Edgar’s sword never dulls. Never shall. The god of tricks, of jests, has ensured his vengeance. With the trickster’s succor, with his own desire, Edgar has reached King Nikt’s throne room; blood and dirt, a day of slaughter, begrime Edgar’s garments. Still he pushes on, extracts his blade from the guard’s neck and blocks another sword.
The kingdom crumbles outside. The throne room shakes as towers raze, as the village of peasants and the homes of wealthy blaze. From a cloudless sky, the sun encourages the fires; Edgar has drawn the thunderstorm and squalls within himself to unleash a tempest upon his enemies.
He kicks out the knee of his attacker, felling the man. His sword arcs behind him, then in front, and two more attackers collapse. Between the slashes and hacks and shouts, Edgar glares at King Nikt, the arrogant brute ensconced in his throne. Each glance at Nikt’s gluttonous face and stout stature, Nikt’s plum and gold and white garb, sharpens Edgar’s resolve.
Had Nikt listened to Edgar, the kingdom’s former executioner, and removed bodies from the stocks, controlled his megrims of bidding Edgar to murder the innocent, had the villagers championed their rights, there would be no bloodletting this day. But Nikt had to prove his dominion over the ignoble weak.
A servant rushes Edgar and stabs a dagger into his arm. Edgar drops his sword, tears out the knife—and the servant crumples, the hilt of the blade protruding from his skull. Before Edgar gathers his sword, two men charge him and swing high. He dodges low, removes a knife from his belt and buries the blade into a man’s calf. The attacker’s helmet clangs against the stairs as he slams on the floor. The other man boots Edgar in the ribs. Edgar rolls over his sword, and then crouches, knife in his left hand, sword in his right. Bloodied hair obscures his vision, but he can hear the man’s labored breaths. He pitches the knife at the panting man, runs at him, and swings as the man swats away the knife.
A spire knocks against a castle wall, trembling it. Edgar imagines this as the god’s warning. His protection from fatal scathe is finite, unless he defeats Nikt. Once the trickster has razed the village and kingdom, for he grows weary of mortals quickly, he will abandon Edgar. That was the pact they agreed upon, following the unholy massacre three evenings ago.
After Edgar refused to lop off the head of a boy, a beggar who had regarded Nikt’s daughter too long, Nikt said Edgar would never disobey him again. Edgar proved him wrong.
Nikt imprisoned villagers inside a house, and ordered Edgar to remove their hearts. What had they done? Edgar asked and was met with a biting response: either he murdered the peasants or he was murdered with them. The street was lined with villagers who knew these people deserved a trial. Edgar faced the onlookers, demanded them to stand against the king, to overthrow him. No one moved, no one but Nikt’s guards ordered to carry Edgar inside.
When they seized him, Nikt changed his mind. He had two villagers choose between the death of their families or slaughtering those inside the house. Nikt told Edgar to study the obedience of his subjects, as the men quivered with swords in their grasps and stalked through the doorway. Shrieks were loud, but the onlookers’ silence and stares quelled them. Edgar worked an arm free and elbowed a guard in the throat, grounded another. He sprinted into the woodlands, cursing the king, the villagers he had tried protecting, the kingdom. If he ruled these lands, he would slay everyone. Condign punishment for their incessantly contemptible ways.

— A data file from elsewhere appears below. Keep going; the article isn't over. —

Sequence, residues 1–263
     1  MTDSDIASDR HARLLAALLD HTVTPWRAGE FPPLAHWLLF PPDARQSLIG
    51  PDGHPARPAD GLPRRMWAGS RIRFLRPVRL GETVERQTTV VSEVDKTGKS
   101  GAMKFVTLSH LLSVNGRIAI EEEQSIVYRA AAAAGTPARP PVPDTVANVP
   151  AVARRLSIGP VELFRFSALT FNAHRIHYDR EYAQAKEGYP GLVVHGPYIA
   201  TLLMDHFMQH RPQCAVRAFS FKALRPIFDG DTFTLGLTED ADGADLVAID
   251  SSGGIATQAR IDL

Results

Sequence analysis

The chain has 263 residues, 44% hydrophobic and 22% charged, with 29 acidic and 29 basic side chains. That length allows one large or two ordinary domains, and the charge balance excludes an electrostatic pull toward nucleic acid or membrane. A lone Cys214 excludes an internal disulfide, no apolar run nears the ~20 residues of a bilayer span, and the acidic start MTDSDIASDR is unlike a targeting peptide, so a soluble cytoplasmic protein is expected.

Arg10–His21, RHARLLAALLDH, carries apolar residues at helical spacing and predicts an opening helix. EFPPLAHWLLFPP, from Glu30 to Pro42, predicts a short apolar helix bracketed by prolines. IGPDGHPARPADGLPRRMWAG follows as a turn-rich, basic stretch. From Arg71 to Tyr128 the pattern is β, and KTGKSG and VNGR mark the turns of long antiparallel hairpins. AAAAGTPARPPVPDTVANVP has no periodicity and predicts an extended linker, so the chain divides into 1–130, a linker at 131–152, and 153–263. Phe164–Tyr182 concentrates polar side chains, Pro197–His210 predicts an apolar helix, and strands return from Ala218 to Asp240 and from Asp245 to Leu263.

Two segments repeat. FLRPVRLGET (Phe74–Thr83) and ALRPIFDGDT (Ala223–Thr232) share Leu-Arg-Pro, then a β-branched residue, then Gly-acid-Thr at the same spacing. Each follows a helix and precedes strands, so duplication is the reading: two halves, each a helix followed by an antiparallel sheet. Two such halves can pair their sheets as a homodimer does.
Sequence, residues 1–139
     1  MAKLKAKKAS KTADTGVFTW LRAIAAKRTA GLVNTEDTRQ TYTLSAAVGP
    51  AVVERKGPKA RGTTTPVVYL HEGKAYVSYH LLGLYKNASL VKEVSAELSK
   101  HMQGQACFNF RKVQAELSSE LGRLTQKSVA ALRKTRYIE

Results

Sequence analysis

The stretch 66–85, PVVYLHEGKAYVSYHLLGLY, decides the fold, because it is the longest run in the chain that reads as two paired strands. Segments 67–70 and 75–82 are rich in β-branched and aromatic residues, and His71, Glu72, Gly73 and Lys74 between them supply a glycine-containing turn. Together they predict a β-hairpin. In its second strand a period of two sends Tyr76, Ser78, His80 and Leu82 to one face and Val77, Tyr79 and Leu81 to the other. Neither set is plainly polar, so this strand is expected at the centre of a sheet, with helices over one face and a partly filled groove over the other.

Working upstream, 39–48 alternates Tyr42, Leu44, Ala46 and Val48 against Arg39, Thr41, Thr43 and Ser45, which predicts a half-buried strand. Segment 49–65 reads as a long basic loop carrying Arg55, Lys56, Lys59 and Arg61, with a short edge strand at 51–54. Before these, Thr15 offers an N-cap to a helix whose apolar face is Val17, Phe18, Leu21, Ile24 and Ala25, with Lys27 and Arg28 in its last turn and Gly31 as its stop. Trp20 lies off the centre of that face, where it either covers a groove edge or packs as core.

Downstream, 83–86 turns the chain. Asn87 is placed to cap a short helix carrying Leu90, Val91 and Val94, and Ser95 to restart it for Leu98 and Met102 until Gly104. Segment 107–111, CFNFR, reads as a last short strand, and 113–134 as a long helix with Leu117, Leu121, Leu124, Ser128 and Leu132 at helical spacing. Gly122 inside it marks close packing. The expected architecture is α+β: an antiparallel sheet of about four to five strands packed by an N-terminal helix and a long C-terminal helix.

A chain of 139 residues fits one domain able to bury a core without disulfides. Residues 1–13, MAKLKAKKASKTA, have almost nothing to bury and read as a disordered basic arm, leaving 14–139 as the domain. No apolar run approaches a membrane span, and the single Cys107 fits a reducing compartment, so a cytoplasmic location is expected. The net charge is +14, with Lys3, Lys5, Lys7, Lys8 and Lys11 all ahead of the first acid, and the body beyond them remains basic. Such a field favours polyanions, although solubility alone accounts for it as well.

Nikt and a knight remain. The hollers of those throughout the kingdom, of those pocked with bursting sores and widening lesions, have quieted. The god made good on his promise, now Edgar will fulfill his.
Nikt leans forward in his chair, elbows on the armrests and hands folded at his mouth. The guard steps in front of the throne, sword gripped in both hands. Edgar approaches him as if arriving to pay his respects. In a way, this is true. He will show how much he esteems Nikt.
The guard says, “Grim and fruitless, your effort, your death.”
Because Edgar is tired, because he wants to risk everything to see if the god still watches, if there is, perhaps, a touch of divine providence, he doesn’t defend himself. The guard’s arms draw back over his head, and then the sword clangs at his heels. He kneels to retrieve his weapon and crumples; Edgar withdraws his sword from the man’s spine.
King Nikt sits back. Edgar unfastens a torch from the wall and ascends the stairs.
King Nikt pleads: “Consider my children. My dearest. Would you commit such atrocities?” King Nikt offers riches: “Gold in my chambers. Cattle and harvests from my lands. You shall command my armies.” The old King Nikt screams, bellows and rages as he burns in his royal garb at the foot of the throne. The stench is disturbing.
Edgar slouches in the chair, rests in the shadows. The crumbled kingdom has fallen silent. Clouds block the daylight from casting into the room. Edgar envisions the darkness shrouding the reddened streets, the waste, the corpses. Then he believes he can hear something, and the sound swells.
It is the god. It is laughter.
The crown on his lap, Edgar remains seated.
The trickster agreed to assist him for a laugh. A jest this comical was unheard of. A king without a kingdom. A king of ruins. Hysterical, the god remarked. Of course he would aid the man who sought to reign as King Nothing.
Matt Athanasiou usually writes in Chicago. His writing has appeared in print and online publications such as Horror Bound Magazine, The Blotter Magazine, Danse Macabre and others. The South Million Writers Award recently listed his short story “And the Earth Opened Wide” as a notable story of 2010.
His blog is, letspretendimlying.wordpress.com.